Motorcycle sales got a much-needed shot in the arm over the course of the pandemic. The reason why was pretty simple: People wanted to keep their distance, but they still also needed to get places. Those same people either discovered or remembered that motorbikes can be both practical AND fun at the same time—and, very importantly, many of them also cost quite a bit less to own than cars.  

Now that it’s April, 2022, rising fuel prices seems to be yet another argument in favor of motorbikes. That particular pain-in-the-pocketbook isn’t entirely new, of course. Chances are excellent that if you’ve been around for a few cycles, you’ve seen the same thing at least once before. Still, the mere fact that we’ve previously dealt with it doesn’t make it any less painful. As fuel prices fluctuate, one great way to fuel-price-proof your everyday errands is by getting yourself a shiny, new (or new-to-you) motorbike. 

I spent years doing a pretty hefty commute by motorbike (around 80 miles every day, at its longest), so here are a few reasons you might want to give it a try. 

Take Your Fuel Price Anxiety Down a Notch 

There are a wide range of motorbikes to choose from, and all of them have different fuel economies. Over time, of course, age and/or modifications may change the fuel economy of your bike, as well. However, in the vast majority of cases, riders will almost always get far better fuel economy than (non-electric) car and truck drivers.  

My primary commuting vehicle of choice was a maxi-scooter, which I still like to get groceries on or run other errands if there isn’t ice on the ground. Why? I get 70-ish miles to the gallon, depending on how aggressively I’m twisting the throttle. Even if you’re on a bike that gets fuel economy in the 40mpg range, that’s still a significant savings—especially when so many people only have to transport themselves and a backpack/briefcase/messenger bag on a regular basis. 

My fuel tank on that scoot only holds a couple of gallons of gas, so I used to joke that I knew fuel prices were going bonkers if my total was in the double digits when I filled up from near-empty. Still, throwing $10 to $12 at a full tank feels a whole lot better than $60 to $80.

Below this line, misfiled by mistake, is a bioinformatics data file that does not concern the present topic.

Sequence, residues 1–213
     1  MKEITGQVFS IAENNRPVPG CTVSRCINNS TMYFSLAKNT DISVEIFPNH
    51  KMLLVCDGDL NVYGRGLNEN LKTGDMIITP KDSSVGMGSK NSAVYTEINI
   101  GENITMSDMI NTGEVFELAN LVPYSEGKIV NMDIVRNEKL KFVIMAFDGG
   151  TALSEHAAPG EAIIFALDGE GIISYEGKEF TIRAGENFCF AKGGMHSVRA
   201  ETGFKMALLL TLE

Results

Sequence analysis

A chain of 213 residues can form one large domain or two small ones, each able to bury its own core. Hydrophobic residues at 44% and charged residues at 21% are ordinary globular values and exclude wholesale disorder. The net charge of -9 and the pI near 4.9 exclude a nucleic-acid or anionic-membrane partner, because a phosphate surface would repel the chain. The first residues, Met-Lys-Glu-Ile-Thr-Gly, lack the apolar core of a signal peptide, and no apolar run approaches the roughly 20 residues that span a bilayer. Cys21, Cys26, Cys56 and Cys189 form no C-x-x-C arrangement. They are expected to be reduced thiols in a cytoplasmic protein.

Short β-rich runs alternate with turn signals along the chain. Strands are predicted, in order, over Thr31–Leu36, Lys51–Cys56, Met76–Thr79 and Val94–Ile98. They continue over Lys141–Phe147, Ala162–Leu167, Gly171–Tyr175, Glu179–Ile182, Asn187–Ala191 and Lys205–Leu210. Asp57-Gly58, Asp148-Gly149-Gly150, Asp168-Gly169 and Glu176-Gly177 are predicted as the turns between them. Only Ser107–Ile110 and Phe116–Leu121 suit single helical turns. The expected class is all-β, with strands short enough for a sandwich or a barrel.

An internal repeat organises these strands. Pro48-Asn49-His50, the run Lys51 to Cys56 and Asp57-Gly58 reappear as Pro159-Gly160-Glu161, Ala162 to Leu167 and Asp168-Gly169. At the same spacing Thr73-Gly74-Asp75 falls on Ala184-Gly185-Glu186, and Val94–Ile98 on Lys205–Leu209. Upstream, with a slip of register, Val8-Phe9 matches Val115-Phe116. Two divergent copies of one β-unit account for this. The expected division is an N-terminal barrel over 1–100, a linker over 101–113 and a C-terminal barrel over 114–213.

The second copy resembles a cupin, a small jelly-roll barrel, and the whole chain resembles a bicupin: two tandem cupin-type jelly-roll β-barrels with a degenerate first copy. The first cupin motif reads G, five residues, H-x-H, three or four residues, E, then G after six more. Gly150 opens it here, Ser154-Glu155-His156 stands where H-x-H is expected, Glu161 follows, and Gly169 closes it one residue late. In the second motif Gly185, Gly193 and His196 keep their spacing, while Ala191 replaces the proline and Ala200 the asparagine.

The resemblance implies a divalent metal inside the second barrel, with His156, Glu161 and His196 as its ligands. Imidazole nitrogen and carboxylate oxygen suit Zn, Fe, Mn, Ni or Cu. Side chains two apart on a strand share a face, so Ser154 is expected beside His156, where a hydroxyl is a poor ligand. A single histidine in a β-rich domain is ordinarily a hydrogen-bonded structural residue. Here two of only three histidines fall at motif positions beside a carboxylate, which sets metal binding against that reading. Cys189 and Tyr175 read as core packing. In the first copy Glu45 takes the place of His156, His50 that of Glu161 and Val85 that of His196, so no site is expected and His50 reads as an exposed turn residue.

Parking Is So Much Easier, You Guys

This won’t apply to everyone, but if you’re commuting in an area where street parking is a fact of life—such as, say, a busy urban center—then bikes will make your life so much easier. Riders can fit our bikes into so many spots that cars just can’t. (Yes, even if it’s something relatively small, like a Smart ForTwo.) 

Now, if you’re anxious about bike theft, that’s of course a concern. I am lucky enough to not have had that problem during my heavy commuting years. If you’re concerned about theft, using your fork lock (if you have one), investing in a good disc lock, and other strategies can help you deter would-be thieves. 

You Have a Ride to Look Forward to at the End of Every Day 

Don’t get me wrong; public transit (if it’s available in your area) and cars have their places. I’ll probably always love motorbikes the most, though, and that’s because they’re just so much fun. Even if you’re having an awful day, a halfway decent ride to look forward to at the end of it can make a huge difference.  

There’s a reason that a lot of riders talk about riding as mental healthcare. Riders don’t necessarily agree on a whole lot of things, but one thing we can all respect is the power of motorbikes to improve our moods. 

Lane Filtering and/or Splitting Isn’t an Option for Cars

Now, it’s not always legally an option for motorbikes, either. However, in the places where it’s been enshrined in the law, riders have an even bigger advantage out on the road. It can take some getting used to if you’re not used to doing it—which is a problem I’ve definitely had any time I’ve visited California. However, once you do get used to it, it’s pretty excellent. 

Electric Two-Wheelers Cost Less Than Electric Cars 

If you want to exit the combustion era completely, for any reason, you’ve probably noted that electric cars aren’t exactly cheap. Even the most basic 2022 Nissan Leaf (the S, if you wondered) has a starting MSRP of $27,400. That’s not including governmental electric vehicle incentives, and we should also note that markets outside the U.S. may have other, less expensive electric car options available. 

However, other markets may also have more electric motorbike options available, as well—which will probably still be less expensive than their car counterparts. Here in the U.S., new Zero motorcycles start around $12K, which—weather and personal circumstance permitting—is less than half the MSRP of the aforementioned Nissan Leaf. If you’re interested in exploring electric scooter options, things get even cheaper with the likes of NIU and others becoming ever more readily available. 

Got a tip for us? Email: